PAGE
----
The next actions should have been to start the descent and transmit a distress call. The rule is Aviate Navigate and Communicate, in that order. The autopilot would have been used to turn the aircraft onto the new heading and the altitude bug may have been turned off while the pilots selected a new flight level and rate of descent. But programming the autopilot may have been interrupted when the pilots were suddenly incapacitated.

The likely culprit must be decompression, poisonous fumes of some kind; a smoldering tire, or fumes from the consignment of troublesome batteries that were in the cargo hold. The fumes from those batteries can kill within 10 seconds.

So we have a situation where the aircraft is trimmed for the turn (slightly nose up) and is being flown partly manually and partly by autopilot. If the pilots are unconscious at the completion of the turn the aircraft will climb. This may explain why it climbed 10,000 feet above its assigned altitude. At 45,000 feet the 777 would be struggling to fly and left to its own devices the nose would drop quite steeply. As it gained airspeed again it would have leveled off and and started another climb. This may explain the sighting of a jet airliner flying low and fast over the Malaysian Peninsula around the time that MH 370 would have been crossing.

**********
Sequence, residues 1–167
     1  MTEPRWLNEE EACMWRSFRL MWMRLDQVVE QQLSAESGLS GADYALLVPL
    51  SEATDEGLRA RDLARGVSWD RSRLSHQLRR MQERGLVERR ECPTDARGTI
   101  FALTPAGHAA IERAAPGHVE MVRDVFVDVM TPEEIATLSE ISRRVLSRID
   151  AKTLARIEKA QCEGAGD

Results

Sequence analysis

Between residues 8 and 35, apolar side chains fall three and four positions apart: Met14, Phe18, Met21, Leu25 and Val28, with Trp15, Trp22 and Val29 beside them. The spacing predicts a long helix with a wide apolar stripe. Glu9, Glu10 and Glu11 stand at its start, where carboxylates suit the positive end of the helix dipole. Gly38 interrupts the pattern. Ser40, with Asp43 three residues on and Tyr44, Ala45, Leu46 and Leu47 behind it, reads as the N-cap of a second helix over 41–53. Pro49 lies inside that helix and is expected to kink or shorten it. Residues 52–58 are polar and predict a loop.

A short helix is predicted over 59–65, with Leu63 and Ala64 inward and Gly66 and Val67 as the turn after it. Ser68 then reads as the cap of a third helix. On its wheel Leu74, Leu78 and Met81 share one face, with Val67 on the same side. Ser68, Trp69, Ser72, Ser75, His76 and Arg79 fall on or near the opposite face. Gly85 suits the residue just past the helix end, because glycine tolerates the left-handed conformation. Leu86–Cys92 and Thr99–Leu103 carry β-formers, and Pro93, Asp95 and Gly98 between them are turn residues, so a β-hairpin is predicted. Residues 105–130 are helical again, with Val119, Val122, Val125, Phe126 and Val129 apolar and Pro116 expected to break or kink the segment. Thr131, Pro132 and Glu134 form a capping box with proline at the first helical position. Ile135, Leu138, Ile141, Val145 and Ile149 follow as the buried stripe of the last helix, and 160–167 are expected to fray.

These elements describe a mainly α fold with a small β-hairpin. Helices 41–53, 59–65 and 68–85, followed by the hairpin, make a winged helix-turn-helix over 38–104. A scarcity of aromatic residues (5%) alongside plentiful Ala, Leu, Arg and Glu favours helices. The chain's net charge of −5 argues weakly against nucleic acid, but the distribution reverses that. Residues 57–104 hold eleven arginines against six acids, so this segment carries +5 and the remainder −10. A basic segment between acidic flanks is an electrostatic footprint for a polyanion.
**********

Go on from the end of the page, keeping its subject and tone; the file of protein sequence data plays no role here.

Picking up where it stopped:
The process may have taken several oscillations before normal flight resumed on the new selected heading, possibly with the altitude increasing slowly as the fuel load burned off. It all depends on the actual settings for the autopilot; heading we can be fairly certain of, but airspeed, altitude and power settings will only ultimately be revealed when the black box is recovered. It is possible that the airspeed at the top of the climb may have been very close to the minimum airspeed to remain airborne, or close to the point of stall. 

When the aircraft ran out of fuel it is likely that one engine failed before the other and the asymmetric thrust at the low air speed would probably disengage the autopilot completely. The remaining engine would wind the aircraft into a graveyard spiral with the airspeed then increasing very rapidly.

The cockpit of a Boeing 777. The autopilot controls are at the top center of the panel

If the last engine failed a few seconds after the first it would make little difference. Once in the spiral without a conscious pilot at the controls the aircraft would in all probability disintegrate before hitting the sea.